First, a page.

14 May 2013
Pi in the sky? Having sold 1million devices worldwide, the Raspberry Pi Foundation looks to the future
Having sold 1million devices worldwide, the Raspberry Pi Foundation looks to the future
Since its launch in February 2012, Raspberry Pi – the credit card sized computer – has been something of a phenomenon. Demand for it has crashed websites and those who have since got their hands on one are exploring all manner of potential applications.
The question which many are asking is where the device goes next? And that's a question which the Raspberry Pi Foundation isn't going to answer – at least in the short term. Pete Lomas is a co founder of the Foundation and its hardware guru. "We're not saying anything about the future because we don't want to raise people's expectations," he claimed.
One thing is certain, however: the Foundation will be looking to build on the device's success. But the success has come in areas where it wasn't expected. "It's blossomed in some unexpected areas," Lomas admitted, "but not in some areas we targeted, including education." And he thinks education will continue to be a hard nut to crack. "It's a difficult sector to address," he said.
But this is being addressed. The high level of Pi sales has brought working capital to the Foundation and that has allowed the Foundation to appoint a director of educational activity. "It's a full time job to get that running." And the educational goals have been helped by Google, which has donated 15,000 Pis for UK schools.
One problem is convincing the education sector that Pi is more than just a board. "We have to demonstrate that the value of using a Pi to learn how to debug is not just a single skill. I think debug is a multifaceted analytical process."
He contends that engaging students with software debug helps to develop analytical skills. One of the difficulties, he contends, is in getting students to think for themselves – and that was where the idea for the Pi originally came from. "I've interviewed graduates who haven't reached that stage," he recalled. "They often can't bound a problem. Take multiplying 100 x 100; the answer isn't going to be less than 100, neither is it going to be more than 1million."
Lomas is all in favour of getting people to think for themselves. "What excites me is the 'what if?' factor. What's an approximation? The ability to divide problems into chunks is a great skill to have and it acts as a 'pull through'. In some respects, it's like off roading; you're not sure what you will have to deal with, but it's more exciting."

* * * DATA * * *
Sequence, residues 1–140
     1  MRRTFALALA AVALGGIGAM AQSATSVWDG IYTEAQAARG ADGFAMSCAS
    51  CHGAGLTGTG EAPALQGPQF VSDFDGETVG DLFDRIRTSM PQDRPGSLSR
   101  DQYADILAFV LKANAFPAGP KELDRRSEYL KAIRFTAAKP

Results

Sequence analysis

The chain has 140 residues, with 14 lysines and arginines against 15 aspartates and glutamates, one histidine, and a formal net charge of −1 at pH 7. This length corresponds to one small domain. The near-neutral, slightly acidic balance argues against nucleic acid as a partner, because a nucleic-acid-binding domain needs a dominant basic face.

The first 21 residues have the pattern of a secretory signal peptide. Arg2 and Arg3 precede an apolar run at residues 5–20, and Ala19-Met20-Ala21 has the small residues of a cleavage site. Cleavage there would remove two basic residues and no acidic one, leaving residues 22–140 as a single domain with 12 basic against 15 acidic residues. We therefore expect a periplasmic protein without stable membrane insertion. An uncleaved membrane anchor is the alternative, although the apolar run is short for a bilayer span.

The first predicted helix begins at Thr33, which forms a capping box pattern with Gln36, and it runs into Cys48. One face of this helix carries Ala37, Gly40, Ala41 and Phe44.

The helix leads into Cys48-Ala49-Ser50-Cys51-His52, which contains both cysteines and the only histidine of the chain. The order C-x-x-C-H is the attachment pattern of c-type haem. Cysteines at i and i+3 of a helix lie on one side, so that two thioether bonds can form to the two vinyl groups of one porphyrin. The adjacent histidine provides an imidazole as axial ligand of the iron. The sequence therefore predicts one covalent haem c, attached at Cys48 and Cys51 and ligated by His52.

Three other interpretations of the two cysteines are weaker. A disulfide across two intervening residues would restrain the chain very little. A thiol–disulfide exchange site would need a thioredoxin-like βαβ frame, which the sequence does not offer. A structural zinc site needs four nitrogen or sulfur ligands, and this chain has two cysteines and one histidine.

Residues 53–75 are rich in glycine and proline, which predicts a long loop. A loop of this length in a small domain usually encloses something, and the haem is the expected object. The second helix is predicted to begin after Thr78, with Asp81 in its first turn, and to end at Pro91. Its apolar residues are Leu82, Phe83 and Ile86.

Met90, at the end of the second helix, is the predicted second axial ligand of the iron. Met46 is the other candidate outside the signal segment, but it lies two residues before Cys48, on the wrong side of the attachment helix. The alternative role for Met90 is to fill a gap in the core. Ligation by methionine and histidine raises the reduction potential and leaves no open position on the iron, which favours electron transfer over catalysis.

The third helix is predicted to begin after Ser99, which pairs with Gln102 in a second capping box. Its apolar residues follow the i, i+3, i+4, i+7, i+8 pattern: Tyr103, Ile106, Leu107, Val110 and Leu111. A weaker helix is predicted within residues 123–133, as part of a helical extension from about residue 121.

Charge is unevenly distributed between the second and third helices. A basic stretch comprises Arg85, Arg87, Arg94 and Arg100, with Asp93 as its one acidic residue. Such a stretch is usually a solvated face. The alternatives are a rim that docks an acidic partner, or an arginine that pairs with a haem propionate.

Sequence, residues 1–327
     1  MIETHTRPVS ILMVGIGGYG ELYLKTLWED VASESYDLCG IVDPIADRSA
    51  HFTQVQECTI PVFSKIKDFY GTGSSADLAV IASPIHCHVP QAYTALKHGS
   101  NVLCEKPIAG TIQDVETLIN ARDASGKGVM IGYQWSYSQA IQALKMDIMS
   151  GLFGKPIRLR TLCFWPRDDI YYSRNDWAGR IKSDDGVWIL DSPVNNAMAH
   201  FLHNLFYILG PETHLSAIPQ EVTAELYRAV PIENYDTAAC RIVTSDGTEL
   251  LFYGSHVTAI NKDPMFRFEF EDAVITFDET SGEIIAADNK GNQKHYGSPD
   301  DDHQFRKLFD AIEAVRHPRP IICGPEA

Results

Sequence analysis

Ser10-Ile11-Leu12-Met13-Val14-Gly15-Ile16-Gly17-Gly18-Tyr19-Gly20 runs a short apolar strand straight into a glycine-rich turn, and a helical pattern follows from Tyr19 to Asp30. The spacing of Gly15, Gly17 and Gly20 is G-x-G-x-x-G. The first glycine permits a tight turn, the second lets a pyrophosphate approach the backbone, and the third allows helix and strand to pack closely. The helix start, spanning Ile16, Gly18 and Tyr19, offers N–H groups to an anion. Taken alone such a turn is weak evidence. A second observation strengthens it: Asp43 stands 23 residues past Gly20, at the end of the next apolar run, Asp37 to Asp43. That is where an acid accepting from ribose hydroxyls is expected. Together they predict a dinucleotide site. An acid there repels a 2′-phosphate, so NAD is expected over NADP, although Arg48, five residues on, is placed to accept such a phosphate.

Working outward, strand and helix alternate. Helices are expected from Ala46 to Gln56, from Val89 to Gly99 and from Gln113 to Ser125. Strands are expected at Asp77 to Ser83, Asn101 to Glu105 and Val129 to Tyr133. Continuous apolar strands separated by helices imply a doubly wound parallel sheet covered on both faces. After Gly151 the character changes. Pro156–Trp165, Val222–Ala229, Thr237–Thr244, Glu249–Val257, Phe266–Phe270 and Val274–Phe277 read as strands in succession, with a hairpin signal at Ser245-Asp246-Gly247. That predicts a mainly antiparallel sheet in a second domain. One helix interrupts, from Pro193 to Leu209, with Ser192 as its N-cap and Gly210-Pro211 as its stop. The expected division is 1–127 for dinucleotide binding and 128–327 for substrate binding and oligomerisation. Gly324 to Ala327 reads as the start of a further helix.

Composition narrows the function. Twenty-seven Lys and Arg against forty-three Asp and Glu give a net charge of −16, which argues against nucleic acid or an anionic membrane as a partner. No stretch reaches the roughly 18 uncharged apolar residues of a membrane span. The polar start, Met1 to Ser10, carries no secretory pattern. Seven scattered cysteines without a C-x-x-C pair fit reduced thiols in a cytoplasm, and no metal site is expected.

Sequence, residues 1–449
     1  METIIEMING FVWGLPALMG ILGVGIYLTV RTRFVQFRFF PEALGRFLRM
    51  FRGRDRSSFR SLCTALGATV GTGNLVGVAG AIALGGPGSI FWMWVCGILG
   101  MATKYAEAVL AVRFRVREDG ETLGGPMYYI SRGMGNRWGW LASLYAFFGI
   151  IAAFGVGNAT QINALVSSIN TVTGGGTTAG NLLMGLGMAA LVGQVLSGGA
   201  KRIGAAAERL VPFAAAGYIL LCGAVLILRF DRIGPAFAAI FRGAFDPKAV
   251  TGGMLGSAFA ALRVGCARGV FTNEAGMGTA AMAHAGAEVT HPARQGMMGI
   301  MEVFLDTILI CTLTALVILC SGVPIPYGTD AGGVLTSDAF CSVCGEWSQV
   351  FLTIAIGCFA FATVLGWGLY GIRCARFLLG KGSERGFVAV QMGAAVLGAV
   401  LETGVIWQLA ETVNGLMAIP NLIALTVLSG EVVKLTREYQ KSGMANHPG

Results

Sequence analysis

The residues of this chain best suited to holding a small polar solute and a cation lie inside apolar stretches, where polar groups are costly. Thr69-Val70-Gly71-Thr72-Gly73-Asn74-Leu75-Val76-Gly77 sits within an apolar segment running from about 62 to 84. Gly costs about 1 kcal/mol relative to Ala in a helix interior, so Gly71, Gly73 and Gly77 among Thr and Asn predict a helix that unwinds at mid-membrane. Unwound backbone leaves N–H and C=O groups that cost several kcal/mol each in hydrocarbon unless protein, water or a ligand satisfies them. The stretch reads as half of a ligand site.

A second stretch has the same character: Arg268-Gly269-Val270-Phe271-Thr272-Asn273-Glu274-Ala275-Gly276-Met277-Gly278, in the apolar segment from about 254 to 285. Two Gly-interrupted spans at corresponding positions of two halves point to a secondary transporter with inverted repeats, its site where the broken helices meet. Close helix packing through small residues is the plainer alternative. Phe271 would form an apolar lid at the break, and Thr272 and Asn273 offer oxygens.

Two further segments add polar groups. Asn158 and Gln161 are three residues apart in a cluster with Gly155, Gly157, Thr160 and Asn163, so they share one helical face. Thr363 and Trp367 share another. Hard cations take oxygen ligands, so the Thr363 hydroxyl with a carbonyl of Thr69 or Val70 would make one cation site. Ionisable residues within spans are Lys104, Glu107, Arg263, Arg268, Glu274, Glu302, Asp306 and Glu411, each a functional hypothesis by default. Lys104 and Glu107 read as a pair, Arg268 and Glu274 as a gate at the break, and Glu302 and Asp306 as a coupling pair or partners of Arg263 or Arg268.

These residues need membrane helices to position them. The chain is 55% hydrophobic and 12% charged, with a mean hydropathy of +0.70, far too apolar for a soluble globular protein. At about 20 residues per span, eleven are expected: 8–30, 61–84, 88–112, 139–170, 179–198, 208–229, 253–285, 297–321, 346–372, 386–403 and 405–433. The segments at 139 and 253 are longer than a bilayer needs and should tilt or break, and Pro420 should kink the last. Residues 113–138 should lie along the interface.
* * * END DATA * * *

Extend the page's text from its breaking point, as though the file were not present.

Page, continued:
Track Raspberry Pi back to its origins and you will come across Raspberry Pi Foundation trustee Eben Upton. At the time, he was director of studies in computer science at St John's College Cambridge and responsible for undergraduate admissions. "He realised there was a problem," Lomas noted. "Students were coming to university with no debug or code writing skills. The college was having to 'bootstrap' students and the first term was effectively lost."
Upton came up with the idea of giving students a computer in June and telling them to do something useful with it. When they started their course, they would be expected to 'show and tell'. "Upton built a prototype in 2006," Lomas noted, "but that was as far as it went."
Fast forward a couple of years and Lomas became involved with the initiative, by accident it appears. "Norcott (Lomas' company) had built some electronics for Imperial College and I came to London to see it working," he said. "I met with Professor Alan Mycroft from Cambridge University and when we were walking through Hyde Park, we got on to the topic of students. Upton's idea came up and we both decided it was brilliant and that we should build some. I went to Cambridge, met with the team, saw there was critical mass. I thought 'we can do this' and had a go."
But things didn't go quite as planned. "The original device was designed around the Broadcom 2727 running the Python programming language – that's where Pi comes from, by the way. We couldn't hit the price target because there were too many barriers and the device itself didn't quite do enough." A further problem was device packaging; the Broadcom chip came in a 0.4mm pitch bga, so stuffing the board was a challenge and would have increased costs further.
"It didn't quite go on the back burner," Lomas said, "but we had to wait for technology to catch up."